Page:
Saturday, November 01, 2008

Day Three PDC Keynote: Microsoft Research Magic

Welcome to the last keynote, and what a magical grand finale it was! The presentation opened with an appealing video demonstrating the history and relevance of the Microsoft Research Department. Rick Rashid, the longest serving MS executive, delivered a very natural performance both in the video and on stage. He knows what he is talking about and has a real passion for pure computer science.
Rick started by explaining the Microsoft Research Mission Statement, which is to:
• Expand the state of the art in each of the areas we do research
• Rapidly transfer innovative technologies into Microsoft products
• Ensure that MS products have a future
Rick’s history in the software business leaves no doubt that this is someone with passion for what he does and the output of this passion is seen in many products today. Rick worked on the Mach kernal, the underlying software that NeXT computers used in their NeXTStep operating system. This kernal still lives today in Apple’s OSX products and the iPhone OS.
Did you know that Microsoft Research contains 850 PhD researchers at their worldwide facilities? That is a larger faculty than even Carnegie Melon or Brown. Microsoft’s researchers have distinguished themselves among research staffs in the field of computer science. The size of the Microsoft Research Department is equivalent to creating a Berkley staff every year for 17 years. The largest facility is in Redmond, the second largest is in Beijing, China. Microsoft Research worldwide owns the largest Ph.D internship program in Computer Science in the world, and its researchers write between 10-30% of papers at academic conferences.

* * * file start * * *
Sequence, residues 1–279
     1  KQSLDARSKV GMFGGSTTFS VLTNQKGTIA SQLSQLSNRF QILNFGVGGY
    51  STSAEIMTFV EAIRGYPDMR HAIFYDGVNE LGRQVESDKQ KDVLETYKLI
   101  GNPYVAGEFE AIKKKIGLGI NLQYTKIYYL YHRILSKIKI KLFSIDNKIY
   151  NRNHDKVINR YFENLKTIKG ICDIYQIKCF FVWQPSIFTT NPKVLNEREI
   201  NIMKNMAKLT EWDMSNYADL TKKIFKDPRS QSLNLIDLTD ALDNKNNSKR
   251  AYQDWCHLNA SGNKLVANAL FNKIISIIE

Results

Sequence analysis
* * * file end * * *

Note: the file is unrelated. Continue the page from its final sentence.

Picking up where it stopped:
Some of the fundamental computer science research has lead to some brilliant output in the form of concurrency runtimes and the Microsoft Distributed Software Services. This work will have impacts on fundamental software engineering and system design in the coming years.
As MS Research looks forward to 2020 they are doing more work on provable systems, to validate properties of large scale programs. The Vista driver verifier technology came from this research, we should expect more in the way of deterministic validation from this group. This is fantastic as it means we will be marching ever closer to truly bug free solutions. An example of the work being done is the solutions discovered to Church’s theorem to determine what can be recursively computed.
Microsoft Research is doing much of work to reduce energy consumption. While good for the environment, it is clear there is a business driver here to help reduce the massive cost of running hugely scaled data centers.
Presenter Feng Zhao spoke about research in sensor networks and how it can help people understand energy use as it pertains to human activities. We can improve energy efficiency - computing devices that consume a lot of power. For some time in software we have been asking questions like how much memory will your app use? and what is the CPU utilization? The next big question is how much energy does your software use?